It wasn’t only on the pitch that Meroni was getting attention; off it, he began to draw the ire of the press. The Beatles shook their mop-top haircuts in front of screaming fans across the world, and the Italian media had noticed that the bearded Meroni had something of the beatnik about him. By their standards, Meroni’s ear length hair may as well have been flowing down his back and, upon selection for Italy B, he was told in no uncertain terms by manager Edmondo Fabbri to get his locks shorn.
Meroni refused, much to the indignation of Fabbri and the press – and this wasn’t the only brush with controversy he had that season. The introduction of random drug tests in the Italian game caught three players out who tested positive for amphetamines. Meroni, too, was called but claims he forgot about it, resulting in a five-match ban for the Genoa winger.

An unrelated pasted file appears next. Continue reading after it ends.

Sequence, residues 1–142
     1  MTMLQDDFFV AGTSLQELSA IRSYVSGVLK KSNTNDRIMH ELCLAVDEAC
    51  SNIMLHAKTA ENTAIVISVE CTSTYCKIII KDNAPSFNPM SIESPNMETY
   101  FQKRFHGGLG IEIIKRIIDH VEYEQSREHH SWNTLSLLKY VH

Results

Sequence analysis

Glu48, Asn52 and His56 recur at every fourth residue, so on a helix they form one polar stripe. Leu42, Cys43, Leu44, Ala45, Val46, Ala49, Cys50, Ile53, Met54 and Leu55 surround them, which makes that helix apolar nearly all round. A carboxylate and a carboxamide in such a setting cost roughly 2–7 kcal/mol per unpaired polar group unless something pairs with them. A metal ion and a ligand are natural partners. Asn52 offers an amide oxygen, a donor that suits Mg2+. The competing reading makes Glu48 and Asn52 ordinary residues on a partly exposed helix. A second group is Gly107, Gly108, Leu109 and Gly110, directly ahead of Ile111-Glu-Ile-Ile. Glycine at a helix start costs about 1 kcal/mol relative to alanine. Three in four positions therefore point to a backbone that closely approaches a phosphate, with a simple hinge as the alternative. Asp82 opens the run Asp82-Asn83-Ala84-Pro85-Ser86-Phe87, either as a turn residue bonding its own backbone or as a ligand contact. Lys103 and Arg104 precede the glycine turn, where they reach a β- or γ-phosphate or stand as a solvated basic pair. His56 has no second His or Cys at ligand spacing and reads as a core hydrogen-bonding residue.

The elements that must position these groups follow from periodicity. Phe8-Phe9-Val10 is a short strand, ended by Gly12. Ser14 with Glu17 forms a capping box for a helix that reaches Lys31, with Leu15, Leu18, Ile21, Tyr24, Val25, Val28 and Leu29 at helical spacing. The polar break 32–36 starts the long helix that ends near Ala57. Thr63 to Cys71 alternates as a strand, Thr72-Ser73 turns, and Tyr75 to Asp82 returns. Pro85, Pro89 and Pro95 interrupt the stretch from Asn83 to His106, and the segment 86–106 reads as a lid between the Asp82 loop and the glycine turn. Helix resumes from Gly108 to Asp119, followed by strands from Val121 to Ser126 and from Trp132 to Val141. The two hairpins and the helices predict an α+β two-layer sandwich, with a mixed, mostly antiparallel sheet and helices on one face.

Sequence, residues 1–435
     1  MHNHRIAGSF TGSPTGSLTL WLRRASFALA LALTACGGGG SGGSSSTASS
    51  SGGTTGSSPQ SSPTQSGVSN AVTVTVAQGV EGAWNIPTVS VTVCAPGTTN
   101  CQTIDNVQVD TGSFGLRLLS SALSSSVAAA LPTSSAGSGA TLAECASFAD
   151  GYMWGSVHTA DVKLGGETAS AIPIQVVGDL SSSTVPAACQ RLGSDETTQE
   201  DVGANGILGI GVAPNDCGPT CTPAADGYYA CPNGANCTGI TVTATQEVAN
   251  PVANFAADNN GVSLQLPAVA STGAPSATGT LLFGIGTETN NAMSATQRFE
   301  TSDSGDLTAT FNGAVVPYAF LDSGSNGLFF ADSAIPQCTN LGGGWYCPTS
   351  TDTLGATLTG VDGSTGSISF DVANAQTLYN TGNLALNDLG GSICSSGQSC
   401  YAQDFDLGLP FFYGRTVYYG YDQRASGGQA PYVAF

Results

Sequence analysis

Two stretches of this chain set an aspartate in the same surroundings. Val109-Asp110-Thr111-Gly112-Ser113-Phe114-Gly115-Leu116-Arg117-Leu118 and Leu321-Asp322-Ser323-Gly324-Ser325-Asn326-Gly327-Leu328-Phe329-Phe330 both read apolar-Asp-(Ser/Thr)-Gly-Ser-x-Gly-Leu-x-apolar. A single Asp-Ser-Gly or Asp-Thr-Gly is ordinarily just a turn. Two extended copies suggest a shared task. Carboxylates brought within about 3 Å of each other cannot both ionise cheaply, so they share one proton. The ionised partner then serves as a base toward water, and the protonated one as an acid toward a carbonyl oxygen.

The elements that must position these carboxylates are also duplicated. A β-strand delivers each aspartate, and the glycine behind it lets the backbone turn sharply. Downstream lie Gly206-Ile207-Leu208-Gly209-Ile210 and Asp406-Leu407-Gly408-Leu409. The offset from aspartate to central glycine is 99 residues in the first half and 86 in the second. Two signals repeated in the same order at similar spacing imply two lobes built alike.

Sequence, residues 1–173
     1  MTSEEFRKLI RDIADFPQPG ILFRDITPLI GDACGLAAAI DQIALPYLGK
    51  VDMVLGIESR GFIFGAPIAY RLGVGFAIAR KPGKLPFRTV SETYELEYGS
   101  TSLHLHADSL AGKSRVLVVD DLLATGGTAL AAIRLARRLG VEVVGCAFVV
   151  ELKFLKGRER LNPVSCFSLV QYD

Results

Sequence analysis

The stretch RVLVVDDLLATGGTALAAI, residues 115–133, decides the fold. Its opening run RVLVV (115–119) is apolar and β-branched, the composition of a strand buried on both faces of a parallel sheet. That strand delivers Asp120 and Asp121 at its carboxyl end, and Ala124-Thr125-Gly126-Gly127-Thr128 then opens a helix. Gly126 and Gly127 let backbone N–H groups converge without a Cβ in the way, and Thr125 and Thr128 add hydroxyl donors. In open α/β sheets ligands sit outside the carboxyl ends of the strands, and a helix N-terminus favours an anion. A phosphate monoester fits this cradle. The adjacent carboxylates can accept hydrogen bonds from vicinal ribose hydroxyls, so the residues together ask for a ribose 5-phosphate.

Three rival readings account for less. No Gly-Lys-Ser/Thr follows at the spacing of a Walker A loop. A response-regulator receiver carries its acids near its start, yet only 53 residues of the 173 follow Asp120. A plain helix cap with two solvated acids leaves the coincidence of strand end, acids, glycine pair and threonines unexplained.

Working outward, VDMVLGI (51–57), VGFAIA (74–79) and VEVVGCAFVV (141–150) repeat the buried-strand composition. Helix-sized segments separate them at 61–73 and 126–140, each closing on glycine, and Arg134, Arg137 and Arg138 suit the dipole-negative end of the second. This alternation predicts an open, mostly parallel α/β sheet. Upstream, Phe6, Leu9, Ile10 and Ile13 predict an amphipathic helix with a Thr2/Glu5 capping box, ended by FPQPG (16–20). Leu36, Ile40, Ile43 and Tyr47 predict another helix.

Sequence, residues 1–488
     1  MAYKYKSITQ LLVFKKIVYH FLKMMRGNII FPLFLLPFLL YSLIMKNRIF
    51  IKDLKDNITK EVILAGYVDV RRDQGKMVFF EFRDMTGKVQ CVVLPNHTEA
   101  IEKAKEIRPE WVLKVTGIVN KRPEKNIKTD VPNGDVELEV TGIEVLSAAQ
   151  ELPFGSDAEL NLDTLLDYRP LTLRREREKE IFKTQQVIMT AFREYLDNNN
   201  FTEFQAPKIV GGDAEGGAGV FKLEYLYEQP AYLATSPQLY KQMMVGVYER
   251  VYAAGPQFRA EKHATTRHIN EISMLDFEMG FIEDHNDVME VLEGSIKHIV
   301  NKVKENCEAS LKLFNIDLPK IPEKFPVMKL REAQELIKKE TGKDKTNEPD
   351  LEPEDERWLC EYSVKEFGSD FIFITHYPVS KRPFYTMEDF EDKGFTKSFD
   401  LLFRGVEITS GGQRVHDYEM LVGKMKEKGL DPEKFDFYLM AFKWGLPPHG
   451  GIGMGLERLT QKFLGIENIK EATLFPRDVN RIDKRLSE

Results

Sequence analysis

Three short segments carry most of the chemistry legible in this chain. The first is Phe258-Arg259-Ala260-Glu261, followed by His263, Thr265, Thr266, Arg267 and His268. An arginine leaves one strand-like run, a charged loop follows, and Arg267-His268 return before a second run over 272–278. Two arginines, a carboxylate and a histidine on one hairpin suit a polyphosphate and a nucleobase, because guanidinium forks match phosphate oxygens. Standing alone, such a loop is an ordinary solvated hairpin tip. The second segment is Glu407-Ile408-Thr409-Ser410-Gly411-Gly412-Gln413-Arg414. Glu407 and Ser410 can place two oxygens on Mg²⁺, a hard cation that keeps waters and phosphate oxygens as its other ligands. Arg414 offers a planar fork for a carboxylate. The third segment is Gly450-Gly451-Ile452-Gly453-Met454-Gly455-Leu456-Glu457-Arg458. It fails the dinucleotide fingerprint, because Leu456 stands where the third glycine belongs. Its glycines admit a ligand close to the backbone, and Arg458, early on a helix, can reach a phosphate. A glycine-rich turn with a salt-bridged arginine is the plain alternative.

Despite this, his performances on the pitch improved by the game, so much so that before long, Meroni was on the move again, this time to Torino where coach Nereo Rocco had arrived, fresh from leading AC Milan to European Cup glory. The strict disciplinarian was eager to bring success back to Il Toro, who had unsurprisingly stagnated after the Superga disaster and the decimation of a team that won five Scudetti in seven years.